Vaccination and Vigilance: The Key to Combating COVID-19
On Dec. 11, 2020, the Food and Drug Administration (FDA) approved and authorized emergency usage of the Pfizer-BioNTech COVID-19 vaccine. Dec. 14 marked the beginning of the vaccine’s administration in the United States, with nurse Sandra Lindsay at Long Island Jewish Medical Center being the first person in New York to receive a vaccine. According to The New York Times, Lindsay stated, “I feel like healing is coming. I hope this marks the beginning of the end of a very painful time in our history.”
Painful is certainly a word that can be used to describe the impacts of COVID-19 on American and global society. Many people have faced challenges as a result of the COVID-19 pandemic. Some people have loved ones who are sick or have had COVID-19 themselves, while others are struggling with their mental health or trudging through economic hardships. The aftermath of the holidays, due to the significant increase in COVID-19 cases, has proven that masks and social distancing are no longer enough. For this reason, I am excited for the moment that I will partake in the vaccine.
In the midst of my joy about the approved vaccine, I was shocked to see backlash. It seemed that there had been a sudden shift from fervent advocacy to firm opposition against taking the vaccine. The Pew Research Center confirms my observation, writing that approximately half of Americans would definitely or probably get a vaccine to prevent COVID-19, which is comparable to 72% last May. They identify that the cause of this shift is “widespread public concerns about aspects of the vaccine development process.” Most frequently cited is the rapid pace with which this vaccine was developed.
Although this vaccine is one of the first that does not actually contain traces of the virus, vaccines of this type and magnitude have been researched extensively for years. Wired states that companies such as BioNTech, Moderna and Inovio have studied genetic vaccines for nearly a decade. Additionally, when reading these statistics, I started pondering the concept of herd immunity. Referencing Mayo Clinic, herd immunity happens when the majority of a population becomes immune to a disease, which ultimately limits its spread. Historically, herd immunity has proven to be an effective tool, since it controls the trajectory of a disease. When people oppose vaccination, it creates a challenge to herd immunity. In the case of COVID-19, the absence of herd immunity could further increase its spread, which could pose greater risks to American livelihood than taking the vaccine ever would.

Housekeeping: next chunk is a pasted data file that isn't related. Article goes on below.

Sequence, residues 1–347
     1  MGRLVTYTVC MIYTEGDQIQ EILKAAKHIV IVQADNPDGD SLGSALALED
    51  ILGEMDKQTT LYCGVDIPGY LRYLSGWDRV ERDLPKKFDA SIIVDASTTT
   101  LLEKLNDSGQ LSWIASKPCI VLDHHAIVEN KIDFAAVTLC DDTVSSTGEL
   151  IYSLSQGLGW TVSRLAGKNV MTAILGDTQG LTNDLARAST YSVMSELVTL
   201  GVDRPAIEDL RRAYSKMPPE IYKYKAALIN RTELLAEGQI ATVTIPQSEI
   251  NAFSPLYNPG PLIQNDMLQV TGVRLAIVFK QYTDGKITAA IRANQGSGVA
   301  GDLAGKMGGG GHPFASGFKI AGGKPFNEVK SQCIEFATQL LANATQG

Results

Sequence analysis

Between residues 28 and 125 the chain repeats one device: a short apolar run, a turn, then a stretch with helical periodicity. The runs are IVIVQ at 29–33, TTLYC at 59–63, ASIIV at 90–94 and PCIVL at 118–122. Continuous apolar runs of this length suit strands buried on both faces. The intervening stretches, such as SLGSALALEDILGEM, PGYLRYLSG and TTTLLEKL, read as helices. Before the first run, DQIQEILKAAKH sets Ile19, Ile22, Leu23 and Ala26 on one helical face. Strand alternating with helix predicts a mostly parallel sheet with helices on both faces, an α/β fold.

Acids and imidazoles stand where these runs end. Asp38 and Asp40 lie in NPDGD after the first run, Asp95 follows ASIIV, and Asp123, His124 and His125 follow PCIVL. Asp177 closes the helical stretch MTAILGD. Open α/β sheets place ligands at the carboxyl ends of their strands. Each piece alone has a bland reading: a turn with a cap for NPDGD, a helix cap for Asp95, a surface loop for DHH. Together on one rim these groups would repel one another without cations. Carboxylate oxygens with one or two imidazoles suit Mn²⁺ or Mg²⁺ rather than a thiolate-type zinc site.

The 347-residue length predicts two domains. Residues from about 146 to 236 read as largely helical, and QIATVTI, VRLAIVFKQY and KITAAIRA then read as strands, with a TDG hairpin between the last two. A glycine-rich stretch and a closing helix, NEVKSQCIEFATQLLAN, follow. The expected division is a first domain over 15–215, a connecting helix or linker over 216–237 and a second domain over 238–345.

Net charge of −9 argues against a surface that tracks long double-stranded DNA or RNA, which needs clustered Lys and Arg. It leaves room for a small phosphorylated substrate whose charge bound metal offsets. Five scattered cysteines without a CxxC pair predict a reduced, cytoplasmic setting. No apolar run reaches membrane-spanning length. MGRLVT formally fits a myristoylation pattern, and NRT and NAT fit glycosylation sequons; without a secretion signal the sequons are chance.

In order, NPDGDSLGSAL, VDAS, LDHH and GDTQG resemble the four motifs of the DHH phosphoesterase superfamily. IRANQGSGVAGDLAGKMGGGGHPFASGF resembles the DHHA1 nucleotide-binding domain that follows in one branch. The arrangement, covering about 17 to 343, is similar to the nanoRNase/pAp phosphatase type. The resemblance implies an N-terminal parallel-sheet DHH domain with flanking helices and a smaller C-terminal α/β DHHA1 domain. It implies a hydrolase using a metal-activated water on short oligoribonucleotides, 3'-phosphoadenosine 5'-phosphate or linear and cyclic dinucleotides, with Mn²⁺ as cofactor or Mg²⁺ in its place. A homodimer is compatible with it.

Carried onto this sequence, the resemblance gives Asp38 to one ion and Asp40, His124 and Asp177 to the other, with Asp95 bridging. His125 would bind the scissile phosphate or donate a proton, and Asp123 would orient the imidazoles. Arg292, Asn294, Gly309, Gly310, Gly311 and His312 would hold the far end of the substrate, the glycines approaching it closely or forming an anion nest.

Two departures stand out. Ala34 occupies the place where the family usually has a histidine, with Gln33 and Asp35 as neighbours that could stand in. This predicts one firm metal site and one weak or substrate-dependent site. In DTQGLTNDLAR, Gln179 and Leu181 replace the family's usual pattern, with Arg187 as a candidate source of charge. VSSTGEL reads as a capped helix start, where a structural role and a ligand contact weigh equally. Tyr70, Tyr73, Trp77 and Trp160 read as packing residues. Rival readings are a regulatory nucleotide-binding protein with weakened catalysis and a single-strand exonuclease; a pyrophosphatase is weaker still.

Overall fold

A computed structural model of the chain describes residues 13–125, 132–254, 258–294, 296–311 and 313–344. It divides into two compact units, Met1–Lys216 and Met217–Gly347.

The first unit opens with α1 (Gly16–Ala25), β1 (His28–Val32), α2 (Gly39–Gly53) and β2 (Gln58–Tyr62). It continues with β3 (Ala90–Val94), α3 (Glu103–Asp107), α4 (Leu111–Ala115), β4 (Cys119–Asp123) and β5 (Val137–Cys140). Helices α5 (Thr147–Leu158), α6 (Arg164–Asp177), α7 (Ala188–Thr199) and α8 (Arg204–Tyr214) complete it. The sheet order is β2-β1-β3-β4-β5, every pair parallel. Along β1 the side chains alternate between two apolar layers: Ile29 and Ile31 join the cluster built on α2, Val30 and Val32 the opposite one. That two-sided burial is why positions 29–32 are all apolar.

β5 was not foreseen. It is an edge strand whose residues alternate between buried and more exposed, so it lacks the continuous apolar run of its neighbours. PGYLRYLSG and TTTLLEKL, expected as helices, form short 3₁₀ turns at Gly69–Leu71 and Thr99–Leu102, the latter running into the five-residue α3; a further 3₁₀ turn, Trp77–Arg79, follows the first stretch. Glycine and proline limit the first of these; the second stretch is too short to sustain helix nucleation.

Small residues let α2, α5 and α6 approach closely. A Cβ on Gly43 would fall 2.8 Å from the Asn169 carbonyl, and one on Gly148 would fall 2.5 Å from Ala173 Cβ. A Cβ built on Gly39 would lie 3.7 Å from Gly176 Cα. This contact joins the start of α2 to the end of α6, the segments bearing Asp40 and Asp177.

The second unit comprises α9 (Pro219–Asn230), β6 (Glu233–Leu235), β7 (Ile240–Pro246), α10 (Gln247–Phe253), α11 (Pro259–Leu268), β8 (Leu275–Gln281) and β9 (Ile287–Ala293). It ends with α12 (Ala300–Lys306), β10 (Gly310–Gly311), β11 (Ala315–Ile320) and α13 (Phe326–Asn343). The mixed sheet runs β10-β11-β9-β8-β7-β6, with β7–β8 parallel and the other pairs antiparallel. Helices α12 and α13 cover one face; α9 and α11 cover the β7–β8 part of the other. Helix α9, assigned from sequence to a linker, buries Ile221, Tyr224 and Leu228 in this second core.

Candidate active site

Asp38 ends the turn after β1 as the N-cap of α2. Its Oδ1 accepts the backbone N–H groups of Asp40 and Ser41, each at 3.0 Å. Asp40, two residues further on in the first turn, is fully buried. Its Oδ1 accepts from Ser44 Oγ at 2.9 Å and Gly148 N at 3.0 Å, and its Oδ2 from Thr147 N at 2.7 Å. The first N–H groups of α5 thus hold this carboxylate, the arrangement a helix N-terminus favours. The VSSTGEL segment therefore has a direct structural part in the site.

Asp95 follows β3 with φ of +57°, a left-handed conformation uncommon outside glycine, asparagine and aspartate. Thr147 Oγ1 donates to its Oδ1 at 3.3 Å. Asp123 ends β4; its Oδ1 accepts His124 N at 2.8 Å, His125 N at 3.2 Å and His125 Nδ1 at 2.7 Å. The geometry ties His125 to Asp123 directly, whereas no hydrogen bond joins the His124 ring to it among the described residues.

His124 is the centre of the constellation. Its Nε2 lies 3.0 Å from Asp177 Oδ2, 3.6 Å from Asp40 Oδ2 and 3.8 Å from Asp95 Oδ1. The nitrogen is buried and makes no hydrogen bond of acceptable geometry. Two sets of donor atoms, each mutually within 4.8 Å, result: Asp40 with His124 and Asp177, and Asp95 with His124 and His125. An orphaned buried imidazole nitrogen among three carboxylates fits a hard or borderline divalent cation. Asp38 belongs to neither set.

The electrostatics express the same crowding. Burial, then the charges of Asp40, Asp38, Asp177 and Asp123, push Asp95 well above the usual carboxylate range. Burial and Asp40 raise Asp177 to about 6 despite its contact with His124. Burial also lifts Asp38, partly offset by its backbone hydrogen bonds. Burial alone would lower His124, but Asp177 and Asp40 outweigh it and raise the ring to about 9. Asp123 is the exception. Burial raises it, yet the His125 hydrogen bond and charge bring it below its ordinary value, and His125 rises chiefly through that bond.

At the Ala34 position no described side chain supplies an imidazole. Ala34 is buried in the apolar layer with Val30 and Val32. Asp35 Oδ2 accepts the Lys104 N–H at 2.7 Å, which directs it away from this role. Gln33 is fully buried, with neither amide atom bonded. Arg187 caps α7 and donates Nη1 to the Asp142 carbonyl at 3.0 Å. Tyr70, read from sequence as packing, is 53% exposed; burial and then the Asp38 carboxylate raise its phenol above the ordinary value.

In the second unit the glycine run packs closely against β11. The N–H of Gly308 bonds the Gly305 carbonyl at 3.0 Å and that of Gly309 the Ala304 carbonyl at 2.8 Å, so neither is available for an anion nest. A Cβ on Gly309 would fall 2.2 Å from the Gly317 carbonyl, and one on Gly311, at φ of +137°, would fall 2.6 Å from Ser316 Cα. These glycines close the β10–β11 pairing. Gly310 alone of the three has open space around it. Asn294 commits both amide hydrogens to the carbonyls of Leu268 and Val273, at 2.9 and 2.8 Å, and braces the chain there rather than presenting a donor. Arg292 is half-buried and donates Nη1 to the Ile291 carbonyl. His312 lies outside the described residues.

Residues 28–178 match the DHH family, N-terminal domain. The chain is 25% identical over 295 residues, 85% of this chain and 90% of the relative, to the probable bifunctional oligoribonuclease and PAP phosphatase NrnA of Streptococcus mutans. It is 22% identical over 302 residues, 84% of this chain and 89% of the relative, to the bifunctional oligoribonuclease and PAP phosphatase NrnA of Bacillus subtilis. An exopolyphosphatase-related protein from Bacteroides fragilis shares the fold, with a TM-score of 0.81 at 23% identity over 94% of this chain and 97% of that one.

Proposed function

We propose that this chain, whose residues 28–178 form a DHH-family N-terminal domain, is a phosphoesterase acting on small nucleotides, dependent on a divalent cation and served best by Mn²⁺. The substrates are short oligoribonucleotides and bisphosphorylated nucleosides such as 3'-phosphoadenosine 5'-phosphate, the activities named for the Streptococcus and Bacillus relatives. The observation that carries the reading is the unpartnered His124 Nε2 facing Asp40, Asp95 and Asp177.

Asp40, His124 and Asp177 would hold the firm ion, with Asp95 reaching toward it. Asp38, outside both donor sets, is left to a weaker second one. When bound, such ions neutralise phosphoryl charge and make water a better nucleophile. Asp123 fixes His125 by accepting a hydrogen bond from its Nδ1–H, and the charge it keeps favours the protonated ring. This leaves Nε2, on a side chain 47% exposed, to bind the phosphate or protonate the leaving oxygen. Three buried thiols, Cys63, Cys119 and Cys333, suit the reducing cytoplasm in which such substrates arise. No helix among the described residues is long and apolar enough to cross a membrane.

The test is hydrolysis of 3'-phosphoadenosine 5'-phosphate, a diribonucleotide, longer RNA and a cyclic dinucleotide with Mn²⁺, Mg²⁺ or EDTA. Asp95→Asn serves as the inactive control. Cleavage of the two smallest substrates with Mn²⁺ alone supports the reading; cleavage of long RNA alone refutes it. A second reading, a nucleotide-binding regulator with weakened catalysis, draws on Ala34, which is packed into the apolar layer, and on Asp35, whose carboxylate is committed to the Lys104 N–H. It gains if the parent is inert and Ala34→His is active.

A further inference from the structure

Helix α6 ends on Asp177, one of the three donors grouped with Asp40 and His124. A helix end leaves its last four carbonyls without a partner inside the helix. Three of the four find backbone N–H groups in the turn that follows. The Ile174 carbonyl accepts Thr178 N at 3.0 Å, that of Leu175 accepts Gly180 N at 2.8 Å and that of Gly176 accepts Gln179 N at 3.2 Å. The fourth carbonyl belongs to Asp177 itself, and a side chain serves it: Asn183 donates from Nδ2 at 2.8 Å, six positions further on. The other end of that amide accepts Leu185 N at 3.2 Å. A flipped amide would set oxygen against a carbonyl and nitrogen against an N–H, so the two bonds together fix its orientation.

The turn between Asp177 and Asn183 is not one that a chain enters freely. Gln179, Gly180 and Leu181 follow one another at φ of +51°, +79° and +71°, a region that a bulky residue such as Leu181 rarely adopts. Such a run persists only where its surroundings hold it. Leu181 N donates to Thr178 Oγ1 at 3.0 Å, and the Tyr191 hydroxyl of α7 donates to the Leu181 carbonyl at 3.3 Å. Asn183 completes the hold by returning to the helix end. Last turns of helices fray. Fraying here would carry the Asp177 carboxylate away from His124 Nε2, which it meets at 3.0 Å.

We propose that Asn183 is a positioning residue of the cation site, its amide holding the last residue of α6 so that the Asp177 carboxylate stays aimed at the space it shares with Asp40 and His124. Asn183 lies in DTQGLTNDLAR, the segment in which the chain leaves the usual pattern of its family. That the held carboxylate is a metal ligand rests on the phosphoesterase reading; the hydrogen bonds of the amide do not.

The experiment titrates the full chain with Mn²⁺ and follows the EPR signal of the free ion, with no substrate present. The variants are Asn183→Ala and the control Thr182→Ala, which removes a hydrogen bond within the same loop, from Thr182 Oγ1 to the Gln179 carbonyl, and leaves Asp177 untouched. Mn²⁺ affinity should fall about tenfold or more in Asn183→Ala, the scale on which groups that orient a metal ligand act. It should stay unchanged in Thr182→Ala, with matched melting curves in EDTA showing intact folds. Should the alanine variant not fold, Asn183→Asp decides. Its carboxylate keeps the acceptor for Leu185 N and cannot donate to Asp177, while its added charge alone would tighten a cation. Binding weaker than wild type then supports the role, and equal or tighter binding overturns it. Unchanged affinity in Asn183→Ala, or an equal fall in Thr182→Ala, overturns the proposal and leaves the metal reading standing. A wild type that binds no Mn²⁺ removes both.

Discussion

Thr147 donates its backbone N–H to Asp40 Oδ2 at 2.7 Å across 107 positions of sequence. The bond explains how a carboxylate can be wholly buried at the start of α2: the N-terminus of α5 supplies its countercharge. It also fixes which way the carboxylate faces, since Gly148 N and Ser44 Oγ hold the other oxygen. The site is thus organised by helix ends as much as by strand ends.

People on the side of opposition would likely address several contradictions to my argument: the vaccine may not be as effective since the trials were much shorter than usual, people have severe allergies and are concerned with how the vaccine could affect their health or they are BIPOC and fearful of the medical community due to the current political climate. These are all valid sentiments, and I understand them, but this vaccine must be given a chance — Americans are tired and many are suffering economically. Americans are losing loved ones. Depression and anxiety are rampant, and society is craving connection and being physically together. These factors and many others mean that it is time to explore this new option.
The bottom line is this: it is absolutely your own decision if you choose to take the COVID-19 vaccine, and this decision must certainly be made on your own accord. However, whether you opt for the vaccine or not, it is still your responsibility to continue practicing the three W’s: wear a mask, wait six feet apart and wash your hands often. This will ensure that people remain as healthy as possible. There is a light at the end of the tunnel, and we must remain vigilant. The vaccine’s authorization is only the first step towards normalcy, and it is our duty as Americans to adhere to these guidelines for the greater good.
By Hannah Porter, Opinion Editor